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Here's one we've followed from kitchen table forward.

Tom J Bechman 1, Editor, Indiana Prairie Farmer

October 23, 2006

2 Min Read

Troy Prescott, Winchester, opened the side door to his house and ushered me in. I sat down at the kitchen table. Twelve men, nearly all farmers, either sat or crowded around the table. They were all there for one reason: they believed they could improve their bottom line if they could bring an ethanol plant to eastern Indiana, and improve the price for corn.

That was 18 months ago. Other people have had the same idea, although most of them are large companies. On Tuesday, Oct. 17, the rain fell outside as 300 people pushed inside a tent erected near the site of where Cardinal Ethanol will be located. It's between Winchester and Union City off Indiana Highway 32, just a few miles west of the Ohio line.

The neat thing about this project? "We've got over 1,000 investors," says Tom Chalfant, one of the farmers who helped keep the dream alive until it took on a life of its own. "There aren't as many farmers amongst the investors as we had hoped, but we still have strong representation on the Board of Directors.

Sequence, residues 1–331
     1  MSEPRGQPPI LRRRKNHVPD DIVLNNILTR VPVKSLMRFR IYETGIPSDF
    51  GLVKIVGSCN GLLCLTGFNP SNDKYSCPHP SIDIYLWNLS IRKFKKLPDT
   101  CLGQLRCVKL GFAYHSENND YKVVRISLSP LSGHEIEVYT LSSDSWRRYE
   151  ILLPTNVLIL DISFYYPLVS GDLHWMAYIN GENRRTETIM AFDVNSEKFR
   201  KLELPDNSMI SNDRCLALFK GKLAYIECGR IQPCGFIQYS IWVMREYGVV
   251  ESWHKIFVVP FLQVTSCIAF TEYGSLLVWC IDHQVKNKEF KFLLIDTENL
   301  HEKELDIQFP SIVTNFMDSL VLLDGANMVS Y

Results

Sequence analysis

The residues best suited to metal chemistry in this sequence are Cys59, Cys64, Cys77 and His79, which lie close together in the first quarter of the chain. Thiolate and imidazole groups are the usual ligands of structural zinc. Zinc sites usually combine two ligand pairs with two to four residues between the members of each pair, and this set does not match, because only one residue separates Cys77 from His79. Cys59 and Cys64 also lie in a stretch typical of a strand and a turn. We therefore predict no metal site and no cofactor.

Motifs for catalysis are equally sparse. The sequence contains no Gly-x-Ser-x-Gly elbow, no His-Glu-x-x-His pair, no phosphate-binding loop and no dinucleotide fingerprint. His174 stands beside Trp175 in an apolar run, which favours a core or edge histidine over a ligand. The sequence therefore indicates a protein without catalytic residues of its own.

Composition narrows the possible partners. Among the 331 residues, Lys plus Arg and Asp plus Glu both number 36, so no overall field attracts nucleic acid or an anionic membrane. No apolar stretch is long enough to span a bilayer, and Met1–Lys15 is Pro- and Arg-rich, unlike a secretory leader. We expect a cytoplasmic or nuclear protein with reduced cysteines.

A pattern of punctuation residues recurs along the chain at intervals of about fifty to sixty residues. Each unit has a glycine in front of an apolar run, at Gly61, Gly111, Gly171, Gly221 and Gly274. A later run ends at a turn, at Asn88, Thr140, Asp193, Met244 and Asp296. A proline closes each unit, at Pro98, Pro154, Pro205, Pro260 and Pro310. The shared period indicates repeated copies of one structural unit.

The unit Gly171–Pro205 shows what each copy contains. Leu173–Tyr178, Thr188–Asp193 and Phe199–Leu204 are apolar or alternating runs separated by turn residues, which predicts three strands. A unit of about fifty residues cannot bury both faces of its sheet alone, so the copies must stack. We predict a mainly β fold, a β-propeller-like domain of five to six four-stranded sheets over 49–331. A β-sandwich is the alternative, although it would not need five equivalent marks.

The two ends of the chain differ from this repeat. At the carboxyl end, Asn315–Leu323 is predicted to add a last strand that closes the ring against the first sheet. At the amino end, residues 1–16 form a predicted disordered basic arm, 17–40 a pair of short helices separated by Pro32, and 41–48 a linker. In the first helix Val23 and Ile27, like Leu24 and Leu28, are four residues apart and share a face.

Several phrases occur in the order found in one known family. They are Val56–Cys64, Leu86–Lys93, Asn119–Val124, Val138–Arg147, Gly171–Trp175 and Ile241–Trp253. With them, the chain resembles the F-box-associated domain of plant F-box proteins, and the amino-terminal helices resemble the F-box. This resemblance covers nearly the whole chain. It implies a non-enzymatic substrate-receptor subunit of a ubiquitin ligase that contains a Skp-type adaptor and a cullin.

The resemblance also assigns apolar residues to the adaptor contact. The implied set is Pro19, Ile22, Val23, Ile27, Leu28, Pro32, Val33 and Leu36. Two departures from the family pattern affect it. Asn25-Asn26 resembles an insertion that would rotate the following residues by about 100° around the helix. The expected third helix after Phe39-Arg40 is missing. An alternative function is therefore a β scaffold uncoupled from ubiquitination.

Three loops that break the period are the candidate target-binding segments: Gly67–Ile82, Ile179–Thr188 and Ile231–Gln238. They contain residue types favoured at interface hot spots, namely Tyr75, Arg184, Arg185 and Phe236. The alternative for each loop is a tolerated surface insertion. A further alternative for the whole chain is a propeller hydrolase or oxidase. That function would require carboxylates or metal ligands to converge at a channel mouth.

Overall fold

Governor Mitch Daniels was there to turn the first shovel of dirt. "This one is really exciting because it's another case of bringing economic development to rural Indiana," he says. "We said agriculture would be a major part of the economic recovery in this state, and we still believe it. Every time we do one of these, and there will be more, we prove that we were right."

Depending upon whose counting, this is the 16th new ethanol plant that has either broken ground or is very close to doing so in Indiana. Two years ago there was only one true ethanol plant - New Energy at South Bend, a fixture since the late '70s. GMC at Washington, Ind., makes ethanol, but producing ethanol as a commodity is not the main goal of that plant.

The Cardinal Ethanol plant is slated to be a 100 - million gallon facility. Most of the plants proposed later in the ethanol boom period have been larger plants. Fagen Construction, the largest builder of ethanol plants, will erect the plant.

The Ohio connection is important, Governor Daniels commented. Several investors and many of the suppliers of corn are expected to come from Ohio.

About the Author(s)

Tom J Bechman 1

Editor, Indiana Prairie Farmer

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